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Life Should Come First in Life-Work Balance

A flow-focused perspective on life and work.

Key points

  • Why do we keep using the phrase work–life balance? Shouldn't life come before any activity of life?
  • The concept of flow helps clarify why we need work—just not too much of it.
  • To optimize our flow, we need strong boundaries.
 Gaius/Wepic (customized freepic)
A river and a rock tower signifying balance.
Source: Gaius/Wepic (customized freepic)

Why do we keep using the phrase work–life balance? As my brilliant friend Markita Roberson said a long time ago, it should be life–work balance! Or, perhaps, just a life balance?

Logically, life itself comes before any activity of life. This logic seems to have been broken in the work-focused culture—and we say "work–life balance."

I am not antiwork—quite the opposite. I enjoy work. The right work can be invigorating; productivity can sustain and enrich our lives. And not being able to work can be boring and, in many cases, downright terrifying.

And, yet, in another extreme, too much work can be overwhelming and downright terrifying as well.

Between the boredom and the overwhelm lies the magical, beautiful sensation of flow—being challenged in just the right way to stretch us and bring out our most creative, most productive selves. That sensation can occur when we are engaging in hobbies, but it can also occur when we do work that is well-matched to our strengths.

What Is Flow?

Mihaly Csikszentmihalyi (1990) defined flow as “a state in which people are so involved in an activity that nothing else seems to matter; the experience is so enjoyable that people will continue to do it even at great cost, for the sheer sake of doing it.”

Now that I understand. I would write for work and then I would write for fun. And, contrary to stereotypes, the flow does not require that our jobs be "glamorous" or artistic. It does not have to be "white collar" or knowledge work. The beauty of any job is in the eye of the beholder. I know a seamstress who would work all day, come home, and sew some more—for fun. I knew a mechanic who would come home from work and fix things—just because. And I know plenty of content creators who are very unhappy with what they do.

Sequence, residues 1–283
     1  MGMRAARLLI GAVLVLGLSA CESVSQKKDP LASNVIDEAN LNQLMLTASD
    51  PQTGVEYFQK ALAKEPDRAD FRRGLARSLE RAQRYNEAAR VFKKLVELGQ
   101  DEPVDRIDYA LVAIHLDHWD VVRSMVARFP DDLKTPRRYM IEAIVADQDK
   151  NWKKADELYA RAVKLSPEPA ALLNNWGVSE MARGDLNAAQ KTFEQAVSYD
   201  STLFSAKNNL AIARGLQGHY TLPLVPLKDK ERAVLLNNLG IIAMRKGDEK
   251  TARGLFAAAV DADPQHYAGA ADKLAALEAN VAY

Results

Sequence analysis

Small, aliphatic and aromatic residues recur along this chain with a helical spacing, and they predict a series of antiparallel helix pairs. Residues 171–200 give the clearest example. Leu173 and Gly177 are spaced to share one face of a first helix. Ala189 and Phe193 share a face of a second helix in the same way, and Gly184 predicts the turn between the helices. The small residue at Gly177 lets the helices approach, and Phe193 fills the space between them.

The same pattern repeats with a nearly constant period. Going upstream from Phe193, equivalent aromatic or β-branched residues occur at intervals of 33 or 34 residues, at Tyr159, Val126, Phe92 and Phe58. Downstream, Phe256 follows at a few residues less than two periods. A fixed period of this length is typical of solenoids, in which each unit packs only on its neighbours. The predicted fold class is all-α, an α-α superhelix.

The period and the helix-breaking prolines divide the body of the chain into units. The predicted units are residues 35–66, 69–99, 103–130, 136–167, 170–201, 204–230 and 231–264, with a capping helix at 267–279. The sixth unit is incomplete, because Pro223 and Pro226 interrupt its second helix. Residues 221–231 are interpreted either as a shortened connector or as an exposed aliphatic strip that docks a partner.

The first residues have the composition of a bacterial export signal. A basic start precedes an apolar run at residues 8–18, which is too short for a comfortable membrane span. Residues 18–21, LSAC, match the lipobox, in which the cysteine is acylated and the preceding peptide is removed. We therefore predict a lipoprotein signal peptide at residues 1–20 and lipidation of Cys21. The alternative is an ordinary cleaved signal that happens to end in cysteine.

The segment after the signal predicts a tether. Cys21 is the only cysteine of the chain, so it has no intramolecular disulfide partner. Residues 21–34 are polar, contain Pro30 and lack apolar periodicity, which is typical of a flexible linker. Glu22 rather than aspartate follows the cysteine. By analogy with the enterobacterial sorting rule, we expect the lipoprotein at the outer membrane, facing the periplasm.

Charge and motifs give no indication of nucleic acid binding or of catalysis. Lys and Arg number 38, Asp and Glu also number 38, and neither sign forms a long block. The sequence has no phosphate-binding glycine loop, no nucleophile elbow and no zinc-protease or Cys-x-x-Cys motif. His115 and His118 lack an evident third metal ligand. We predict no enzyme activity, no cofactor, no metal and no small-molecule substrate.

The Dangers of Extremes

But...wait a minute…flow is wonderful and, yet, to achieve it, “people will continue to do [the flow-eliciting activity] even at great cost.”

This I understand as well. I am one of those intrinsically motivated (and autistic) people who would continue to work way past the hours considered to be reasonable by most. Even at a great cost. Without a micromanaging boss (actually, a micromanaging boss would damage my motivation). I work because I want to see the results. Because the process challenges my creativity. Because I want to create something beautiful. Despite the cost.

I also take on more work than I should because I enjoy the work. But this can be dangerous—and result in overwhelm.

As with most good things, there could be too much flow in our lives, just like there can be not enough.

Life–Work Balance Is Flow + Boundaries

I am an open-water swimmer. Lakes and rivers are my jam. It is hard for me to think about something more wonderful than a full, flowing, babbling stream.

It is hard for me to think of something sadder than a dried-out riverbed.

On the other hand, few things are as terrifying and destructive as floods—lakes, rivers, and seas coming out of their boundaries, water destroying all on its path.

There is tension between flow and boundaries. The balance, then, can be defined as flow + boundaries, and we can be out of balance in two ways:

  1. Strong boundaries, but weak or no flow. Work is a chore, a drudgery. We resist it. We only take on things that are easy. Work does not feed our souls. Sometimes, we get in trouble for not pulling our weight. We may try taking it easy, but what we really need is the right work— work that challenges us and invigorates us, helps us develop.
  2. Strong flow, but weak boundaries. We love what we do. We are passionate about our craft, the purpose of our work, or both. But sometimes we take on too much, and we can become overwhelmed. Others try to put more on our plate because we are "so good at this." Over time, doing too much—even if we enjoy it—can undermine our well-being.

Strong flow + strong boundaries support a life–work balance. A full, sparkling, safely flowing river—with strong banks.


With gratitude for the many contributions of the great psychologist Mihaly Robert Csikszentmihalyi (September 29, 1934–October 20, 2021).

An earlier version of this article appeared in the author's LinkedIn newsletter on November 19, 2021.


Csikszentmihalyi, M. (1990). Flow: The Psychology of Optimal Experience. Harper & Row.

Farré, L., Fasani, F. & Mueller, H. (2018). Feeling useless: the effect of unemployment on mental health in the Great Recession. IZA Journal of Labor Economics 7, 8

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